Water, Conflict and Female Vulnerability

Woman with water vessel. Source: waterdotorg/flickr

On Monday, August 29th, the Environmental Change and Security Progam (ECSP), part of the Woodrow Wilson International Center for Scholars in Washington, DC, will host a free afternoon event exploring the linkages between water access, gender, and conflict. “Digging Deeper: Water, Women, and Conflict” will be a panel discussion under the auspices of a fledgling ECSP research project examining how these dynamics interact and contribute to human insecurity. If you are unable to attend the event in person, it will also be transmitted live via webcast.

Development Possibilities in the DPRK

Informal markets – pointing the way forward?
Informal markets – pointing the way forward? Image: fresh888/flickr

Next Tuesday, July 19th, ISN partner organization the United States Institute of Peace (USIP) will be hosting a one-day conference in Washington, DC exploring various transformations inside North Korea that will have significant implications for the regime, as well as for US policy toward North Korea. Speakers at the event include a group of Seoul-based North Korean defectors, as well as various USIP experts.

Informal Markets and Peacebuilding in North Korea” is part of a multi-stage USIP research project on informal markets in North Korea, drawing upon key findings from ongoing interviews with defectors, as well as the Northeast Asia Track 1.5 dialogues. With regard to North Korea, the role of informal markets is largely understudied: most research either focuses or speculates on nuclear weapons development, or troubled relations with South Korea, the US and other Asian states. This conference breaks new ground in examining the remarkable transformations that have been taking place at the local level: Informal markets constitute important coping mechanisms and survival strategies for members of diverse socioeconomic groups close to the Sino-North Korean border.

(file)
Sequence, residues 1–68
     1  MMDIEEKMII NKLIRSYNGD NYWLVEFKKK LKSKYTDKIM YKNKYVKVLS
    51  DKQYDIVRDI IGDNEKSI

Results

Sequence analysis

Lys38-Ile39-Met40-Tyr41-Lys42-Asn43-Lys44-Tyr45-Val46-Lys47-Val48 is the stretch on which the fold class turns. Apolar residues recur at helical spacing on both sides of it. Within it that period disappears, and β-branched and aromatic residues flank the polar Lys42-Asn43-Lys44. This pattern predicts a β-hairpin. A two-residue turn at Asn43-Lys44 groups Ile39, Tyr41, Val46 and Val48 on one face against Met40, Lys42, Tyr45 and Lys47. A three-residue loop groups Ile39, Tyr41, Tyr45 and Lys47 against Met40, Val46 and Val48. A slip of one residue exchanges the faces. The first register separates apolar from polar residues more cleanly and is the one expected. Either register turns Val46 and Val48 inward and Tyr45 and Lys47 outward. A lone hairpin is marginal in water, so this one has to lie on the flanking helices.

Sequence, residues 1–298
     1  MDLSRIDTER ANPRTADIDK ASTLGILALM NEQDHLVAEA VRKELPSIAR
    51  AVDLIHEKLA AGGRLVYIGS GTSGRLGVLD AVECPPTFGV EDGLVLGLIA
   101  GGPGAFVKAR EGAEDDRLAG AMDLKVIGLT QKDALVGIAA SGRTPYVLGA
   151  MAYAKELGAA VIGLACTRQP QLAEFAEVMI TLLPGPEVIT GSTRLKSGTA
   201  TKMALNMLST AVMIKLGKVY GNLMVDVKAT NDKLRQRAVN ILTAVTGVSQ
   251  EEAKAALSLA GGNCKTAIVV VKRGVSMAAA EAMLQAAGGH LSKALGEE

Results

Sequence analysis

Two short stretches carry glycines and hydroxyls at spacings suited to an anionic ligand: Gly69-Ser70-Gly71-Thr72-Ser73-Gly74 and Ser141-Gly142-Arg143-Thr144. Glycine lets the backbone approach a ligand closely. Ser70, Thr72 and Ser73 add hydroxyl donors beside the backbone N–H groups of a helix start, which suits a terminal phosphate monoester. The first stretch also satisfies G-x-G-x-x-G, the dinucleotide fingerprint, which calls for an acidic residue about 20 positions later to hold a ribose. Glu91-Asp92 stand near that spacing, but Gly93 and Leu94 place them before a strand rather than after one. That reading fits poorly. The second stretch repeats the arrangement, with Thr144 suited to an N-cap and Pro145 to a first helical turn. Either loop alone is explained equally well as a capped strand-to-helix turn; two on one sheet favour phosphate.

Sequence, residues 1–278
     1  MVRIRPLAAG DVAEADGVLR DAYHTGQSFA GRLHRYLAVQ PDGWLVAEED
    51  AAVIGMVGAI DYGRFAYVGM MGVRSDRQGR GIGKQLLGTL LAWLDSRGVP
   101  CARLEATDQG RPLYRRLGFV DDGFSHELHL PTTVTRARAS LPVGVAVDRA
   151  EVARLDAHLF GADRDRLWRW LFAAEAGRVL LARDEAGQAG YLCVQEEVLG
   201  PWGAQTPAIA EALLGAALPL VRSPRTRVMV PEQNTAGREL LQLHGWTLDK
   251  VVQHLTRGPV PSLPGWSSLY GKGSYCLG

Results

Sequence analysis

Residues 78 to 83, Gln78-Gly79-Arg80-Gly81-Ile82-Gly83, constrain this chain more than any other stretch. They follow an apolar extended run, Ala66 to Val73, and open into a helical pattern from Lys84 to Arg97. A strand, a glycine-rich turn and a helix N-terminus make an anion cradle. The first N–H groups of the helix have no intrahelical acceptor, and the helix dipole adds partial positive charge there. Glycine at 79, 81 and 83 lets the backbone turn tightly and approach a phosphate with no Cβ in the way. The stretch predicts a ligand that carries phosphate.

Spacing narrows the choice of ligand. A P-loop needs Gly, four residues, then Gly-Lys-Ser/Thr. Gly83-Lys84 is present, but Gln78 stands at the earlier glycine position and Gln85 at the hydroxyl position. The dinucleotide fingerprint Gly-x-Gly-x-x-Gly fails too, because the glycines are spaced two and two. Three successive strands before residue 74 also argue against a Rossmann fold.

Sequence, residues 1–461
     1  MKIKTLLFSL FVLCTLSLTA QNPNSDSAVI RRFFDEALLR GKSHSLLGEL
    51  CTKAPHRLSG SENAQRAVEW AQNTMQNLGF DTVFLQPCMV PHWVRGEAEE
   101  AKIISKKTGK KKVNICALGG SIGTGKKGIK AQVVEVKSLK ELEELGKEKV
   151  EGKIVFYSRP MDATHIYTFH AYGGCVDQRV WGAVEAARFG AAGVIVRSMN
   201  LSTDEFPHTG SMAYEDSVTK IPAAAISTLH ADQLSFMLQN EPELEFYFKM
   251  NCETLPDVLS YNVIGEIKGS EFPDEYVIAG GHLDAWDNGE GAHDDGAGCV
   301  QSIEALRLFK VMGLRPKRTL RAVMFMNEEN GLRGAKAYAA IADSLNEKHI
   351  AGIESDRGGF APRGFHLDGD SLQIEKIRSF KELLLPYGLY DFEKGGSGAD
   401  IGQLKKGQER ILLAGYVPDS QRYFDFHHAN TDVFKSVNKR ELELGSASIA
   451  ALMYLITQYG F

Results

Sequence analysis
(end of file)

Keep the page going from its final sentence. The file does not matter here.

Papua New Guinea: No Thunder, No Rain

Where is Papua New Guinea headed? photo: Drew Douglas/flickr

Papua New Guinea (PNG) can be a little confusing. Although it shares half of the island of New Guinea with Papua – an Indonesian province – Papua New Guinea is distinctly different from its neighbor. Indeed PNG seems to exist in a world of its own – one plagued by political mismanagement, human rights abuses, corruption, and low levels of development.

Contrary to the outbursts of unrest in the Middle East, however, the peoples of PNG are highly unlikely to lead protests or a revolt against their government. PNG is a country of incredible linguistic and cultural diversity – though perhaps surprisingly, not in terms of religion (96 percent are Christian). It is also a relatively “young” country, having only gained independence in 1975. The current Prime Minister, Sir Michael Somare, has been in and out of power in PNG since 1972, and like certain other political heads of state, seems not to want to relinquish his position. Just over a month ago, the government successfully evaded another vote of no confidence by using its majority to adjourn parliament until May. Deputy opposition leader Bart Philemon notes that by the next election, there will have been 10 years of (relative) political stability – but hardly any improvement in the standard of living for the majority of the population.